The quicker we put failing banks into receivership — temporary nationalisation if you will — the quicker they can be restructured to put the working pieces back into play, at the least cost to the taxpayer. Regretfully, but quite correctly, the bank’s shareholders will, and should, lose their shirts. Because unless they suffer the pain of their bad investments banks will not regulate themselves from behaving badly again — and without a hefty amount of self regulation banks will not be able to attract much capital in the future. Out of that suffering will come some good. Any other way rewards the greedy banks, their unquestioning investors and their complacent employees at the expense of the long suffering taxpayer, it puts the country deeper into debt and insures an undisciplined industry from the moral hazard of their own mistakes. Unacceptable.
Bail outs to the banks, so far, appear to have back-stopped investor losses and funded executive bonuses — without stemming job losses nor keeping responsible borrowers in their homes, nor has it enabled banks to continue advancing credit to viable businesses.
Capital has been siphoned out of the system with what, in my opinion, amounts to massive investment bank embezzlement — known to some as “the bezzel”. We should not be trying to re-inflate that bubble or even fan the dying embers of a banking system which just burnt down. Pour cold water on it. Those closest to the fire will be most badly burned but put out the damn fire now!
Under the curatorship of bankruptcy: Take over ailing banks and insurance companies. Keep the doors open. Zero out shareholder value. Break all employee and labour contracts (no more bonuses to losers). Keep debtors at bay. Recover assets. Claw back bonuses and dividends paid on bogus profits. Allow the Fed to recapitalise viable financial institutions. Put people and the banking system back to work. When the business is sound, sell the bank off to investors, recover taxpayer money — with a little bit of profit to offset the risk.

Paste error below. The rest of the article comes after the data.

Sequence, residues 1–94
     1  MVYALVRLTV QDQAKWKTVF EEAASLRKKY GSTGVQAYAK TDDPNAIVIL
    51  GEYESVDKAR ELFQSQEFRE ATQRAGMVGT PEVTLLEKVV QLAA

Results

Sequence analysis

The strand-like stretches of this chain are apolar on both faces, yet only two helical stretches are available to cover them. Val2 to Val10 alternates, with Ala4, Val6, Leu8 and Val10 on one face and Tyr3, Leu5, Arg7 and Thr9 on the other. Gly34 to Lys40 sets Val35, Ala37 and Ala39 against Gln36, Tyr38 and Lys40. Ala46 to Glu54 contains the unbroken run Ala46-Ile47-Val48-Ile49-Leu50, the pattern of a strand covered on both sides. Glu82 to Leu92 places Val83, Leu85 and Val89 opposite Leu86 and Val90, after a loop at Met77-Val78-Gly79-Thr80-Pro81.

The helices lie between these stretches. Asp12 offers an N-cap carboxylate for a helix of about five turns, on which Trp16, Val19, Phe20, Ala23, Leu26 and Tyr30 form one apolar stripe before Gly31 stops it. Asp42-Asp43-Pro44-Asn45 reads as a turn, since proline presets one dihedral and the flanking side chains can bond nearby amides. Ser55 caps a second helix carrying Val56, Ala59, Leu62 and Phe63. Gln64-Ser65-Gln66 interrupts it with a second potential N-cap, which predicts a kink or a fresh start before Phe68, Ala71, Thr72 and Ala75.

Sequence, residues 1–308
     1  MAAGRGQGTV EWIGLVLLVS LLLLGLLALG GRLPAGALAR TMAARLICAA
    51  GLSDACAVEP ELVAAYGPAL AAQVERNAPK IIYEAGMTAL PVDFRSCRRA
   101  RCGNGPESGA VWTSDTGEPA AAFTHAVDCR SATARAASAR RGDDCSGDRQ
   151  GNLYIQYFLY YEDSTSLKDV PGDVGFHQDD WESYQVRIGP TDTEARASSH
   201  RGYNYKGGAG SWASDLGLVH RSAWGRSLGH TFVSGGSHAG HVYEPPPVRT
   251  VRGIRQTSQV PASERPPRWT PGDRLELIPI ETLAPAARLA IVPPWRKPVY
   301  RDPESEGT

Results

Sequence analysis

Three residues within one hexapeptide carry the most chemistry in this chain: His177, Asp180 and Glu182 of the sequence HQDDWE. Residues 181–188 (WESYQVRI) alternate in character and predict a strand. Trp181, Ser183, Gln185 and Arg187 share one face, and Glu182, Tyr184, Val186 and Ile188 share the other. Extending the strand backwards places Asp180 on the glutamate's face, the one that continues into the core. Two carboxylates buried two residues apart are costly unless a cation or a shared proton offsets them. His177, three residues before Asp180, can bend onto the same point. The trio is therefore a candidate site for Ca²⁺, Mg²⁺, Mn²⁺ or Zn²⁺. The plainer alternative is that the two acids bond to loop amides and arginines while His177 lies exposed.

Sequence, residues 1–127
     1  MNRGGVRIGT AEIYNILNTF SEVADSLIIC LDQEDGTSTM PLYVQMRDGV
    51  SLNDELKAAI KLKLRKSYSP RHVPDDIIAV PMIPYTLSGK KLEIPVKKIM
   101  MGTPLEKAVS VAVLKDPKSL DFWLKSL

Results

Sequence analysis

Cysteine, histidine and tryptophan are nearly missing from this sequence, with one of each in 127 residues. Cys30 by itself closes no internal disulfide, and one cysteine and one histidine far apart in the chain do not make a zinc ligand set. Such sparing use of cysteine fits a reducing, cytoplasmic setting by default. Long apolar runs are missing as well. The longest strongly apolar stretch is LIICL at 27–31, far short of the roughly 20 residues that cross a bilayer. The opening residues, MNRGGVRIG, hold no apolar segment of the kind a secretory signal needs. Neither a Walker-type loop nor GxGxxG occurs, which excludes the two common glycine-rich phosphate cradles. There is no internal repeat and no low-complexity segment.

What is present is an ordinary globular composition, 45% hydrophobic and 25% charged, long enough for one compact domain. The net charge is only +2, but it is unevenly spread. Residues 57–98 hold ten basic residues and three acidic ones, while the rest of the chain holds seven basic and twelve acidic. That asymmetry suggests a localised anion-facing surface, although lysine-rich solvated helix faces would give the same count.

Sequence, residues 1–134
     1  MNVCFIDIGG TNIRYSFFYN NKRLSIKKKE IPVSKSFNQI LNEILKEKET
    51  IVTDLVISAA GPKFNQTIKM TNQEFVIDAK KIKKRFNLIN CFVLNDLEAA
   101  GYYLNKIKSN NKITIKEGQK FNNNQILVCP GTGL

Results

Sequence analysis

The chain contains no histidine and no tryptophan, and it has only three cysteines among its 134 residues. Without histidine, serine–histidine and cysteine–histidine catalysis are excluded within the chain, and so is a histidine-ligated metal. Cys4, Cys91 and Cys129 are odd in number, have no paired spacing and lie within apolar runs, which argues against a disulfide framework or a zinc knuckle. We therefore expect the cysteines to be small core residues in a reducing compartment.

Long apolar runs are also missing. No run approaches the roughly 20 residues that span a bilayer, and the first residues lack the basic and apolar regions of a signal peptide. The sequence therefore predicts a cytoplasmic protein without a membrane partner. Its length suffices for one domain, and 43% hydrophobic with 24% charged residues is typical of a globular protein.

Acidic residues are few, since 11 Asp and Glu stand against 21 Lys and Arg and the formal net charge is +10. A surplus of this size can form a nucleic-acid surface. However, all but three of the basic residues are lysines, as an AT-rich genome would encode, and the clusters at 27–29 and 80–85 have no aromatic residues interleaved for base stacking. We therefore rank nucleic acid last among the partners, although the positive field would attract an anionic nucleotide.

I’m not advocating nationalising the banks which invites government interference. Bankruptcy is the long established mechanism for the orderly collapse of ailing businesses whose debts are insurmountable.
For homeowners who took out responsible loans, who can still afford their payments, but now find their homes worth less than the purchase price: Re-finance these loans at current low fixed rates — at minimal closing fees and taxes (this should not become another fee scam for mortgage brokers).
For homeowners who took out loans they could not afford or bet on their property values increasing to cover their shortfalls, regretfully, you lose. Moral hazard requires that you alone pay for your mistake, not your neighbours.
Suggested reading New York Times Op-Ed Columnist Paul Krugman’s “Banking on the Brink” | Moneyweb article by asset manager Piet Viljoen and Charlie Munger.Undisclosed embezzlement | Founder and retired CEO of Vanguard John C. Bogle’s prescient book The Battle for the Soul of Capitalism | Wired’s Recipe for Disaster: The Formula That Killed Wall Street